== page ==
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Boismortier Concerto & Maurice Allard

Bernard Wahl - Nonesuch.jpg

I was a young bassoon student (the case almost touched the ground when I carried it by the handle) taking lessons once a week with Wilbur Simpson (for many years second bassoonist with the Chicago Symphony). One week, before we headed upstairs to his bassoon studio, he ushered me into the living room and said, “I want you to hear this!” He carefully laid an LP on the turntable, located the needle and turned up the volume. Enthusiastically, he exclaimed, “Wait ’til you hear this–a french bassoonist with a marvelous tone!” For my first experience hearing the french bassoon, I was blessed with the round sound of the incomparable Maurice Allard (1923-2004) performing Boismortier’s Concerto in D. Read William Waterhouse’s biographical sketch of Allard.

Allard

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Glickman/Popkin Bassoon Camp

The Glickman/Popkin Bassoon Camp is a ten-day summer camp for bassoonists 18 years of age and above, of any skill level.

DATES for the 2016 Glickman Popkin Bassoon  Camp
May 30 – June 9

Each day includes master classes, reed making classes, ensemble activities and recital hours. Also included are bassoon repairs, bassoon makers, music and tool vendors, and many ways to relax and learn through social engagements.

Established in 1978 by Loren Glickman and Mark Popkin and located at the beautiful Wildacres Retreat Center in Little Switzerland, NC.

                    bassoons_andrew_cuneo     mcgill_d     hollingsworth3

This year, the guest artists are:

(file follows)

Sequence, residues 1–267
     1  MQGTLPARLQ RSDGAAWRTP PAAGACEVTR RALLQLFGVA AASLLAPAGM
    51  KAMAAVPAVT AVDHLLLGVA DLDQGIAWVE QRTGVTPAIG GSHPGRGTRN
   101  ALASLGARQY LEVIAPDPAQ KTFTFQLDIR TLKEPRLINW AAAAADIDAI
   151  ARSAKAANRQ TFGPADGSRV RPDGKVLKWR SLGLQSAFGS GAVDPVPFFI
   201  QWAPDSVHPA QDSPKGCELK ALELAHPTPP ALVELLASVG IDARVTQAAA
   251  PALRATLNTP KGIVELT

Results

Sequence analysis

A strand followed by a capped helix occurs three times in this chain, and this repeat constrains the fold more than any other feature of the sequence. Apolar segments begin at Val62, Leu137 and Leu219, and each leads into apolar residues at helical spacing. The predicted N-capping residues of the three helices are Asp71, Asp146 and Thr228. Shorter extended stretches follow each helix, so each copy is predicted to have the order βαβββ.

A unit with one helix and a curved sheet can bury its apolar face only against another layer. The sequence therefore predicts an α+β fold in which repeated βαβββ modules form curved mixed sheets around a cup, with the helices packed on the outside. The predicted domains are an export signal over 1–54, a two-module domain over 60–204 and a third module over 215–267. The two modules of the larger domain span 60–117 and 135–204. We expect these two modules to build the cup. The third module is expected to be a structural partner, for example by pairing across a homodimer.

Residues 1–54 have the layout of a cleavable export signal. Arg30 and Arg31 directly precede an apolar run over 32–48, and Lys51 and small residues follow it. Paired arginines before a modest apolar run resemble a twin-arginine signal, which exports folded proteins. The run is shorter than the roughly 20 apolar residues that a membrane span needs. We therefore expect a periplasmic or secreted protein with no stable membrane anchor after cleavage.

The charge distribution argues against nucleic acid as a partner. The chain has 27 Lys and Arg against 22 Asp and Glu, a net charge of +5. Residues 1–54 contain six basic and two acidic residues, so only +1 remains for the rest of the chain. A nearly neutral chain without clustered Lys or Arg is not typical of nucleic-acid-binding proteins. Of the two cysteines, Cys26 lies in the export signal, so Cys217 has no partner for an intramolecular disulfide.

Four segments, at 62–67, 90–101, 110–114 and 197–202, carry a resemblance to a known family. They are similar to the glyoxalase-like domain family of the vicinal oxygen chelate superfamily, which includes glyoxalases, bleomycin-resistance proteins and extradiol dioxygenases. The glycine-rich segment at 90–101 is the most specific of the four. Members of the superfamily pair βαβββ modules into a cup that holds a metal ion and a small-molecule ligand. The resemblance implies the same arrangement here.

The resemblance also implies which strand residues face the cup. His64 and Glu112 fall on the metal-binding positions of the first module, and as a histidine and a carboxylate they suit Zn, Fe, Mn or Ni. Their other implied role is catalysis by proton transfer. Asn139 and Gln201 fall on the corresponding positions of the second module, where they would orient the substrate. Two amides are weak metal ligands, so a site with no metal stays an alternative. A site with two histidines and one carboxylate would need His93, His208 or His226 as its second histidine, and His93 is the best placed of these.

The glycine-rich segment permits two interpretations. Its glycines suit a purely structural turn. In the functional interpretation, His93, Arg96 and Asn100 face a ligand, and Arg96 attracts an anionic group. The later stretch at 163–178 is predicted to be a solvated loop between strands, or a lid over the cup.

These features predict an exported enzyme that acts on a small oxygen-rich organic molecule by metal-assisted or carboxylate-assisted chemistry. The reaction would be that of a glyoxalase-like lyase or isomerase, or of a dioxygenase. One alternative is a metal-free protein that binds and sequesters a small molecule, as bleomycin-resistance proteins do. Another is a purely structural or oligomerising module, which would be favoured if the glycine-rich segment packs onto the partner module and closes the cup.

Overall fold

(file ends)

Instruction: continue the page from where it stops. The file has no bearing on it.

• Andrew Cuneo, principal, St. Louis Symphony;
  • David McGill, professor of bassoon at Northwestern University and former principal, Chicago Symphony;
  • Harrison Hollingsworth, principal, New York City Ballet Orchestra.

A limited number of scholarships are available for those students who apply and meet the requirements.

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Dancing fingers

tenUnless we are very secure in our “digital” technique, we may encounter fast, technically difficult passages and experience the nauseating feeling of “digital” overload! If the speed we can manage with confident manual dexterity is exceeded, fingers twitch and dance about as if frantically probing the darkness for a light switch! Our fingers sketch the interval patterns–we’re rolling the dice with the notes on the page. Sure, there’s one chance in 272,160 that we randomly might grab the right fingering for a given note, but that level of accuracy will get us fired! So, how can we gain security with our finger technique and increase our speed limit?

Most everyone knows that consistent slow practice is the key to developing technical superiority. Starting slowly and steadily, we gradually increase our speed while maintaining accuracy. Little by little we painstakingly work to program our fingers with many and multiple combinations–for every possible interval. In fact, if we could smoothly, quickly, and accurately perform every possible interval on the instrument (every single note to every one of the other notes), we could say we have mastered the fingering technique on the instrument. Let’s get started!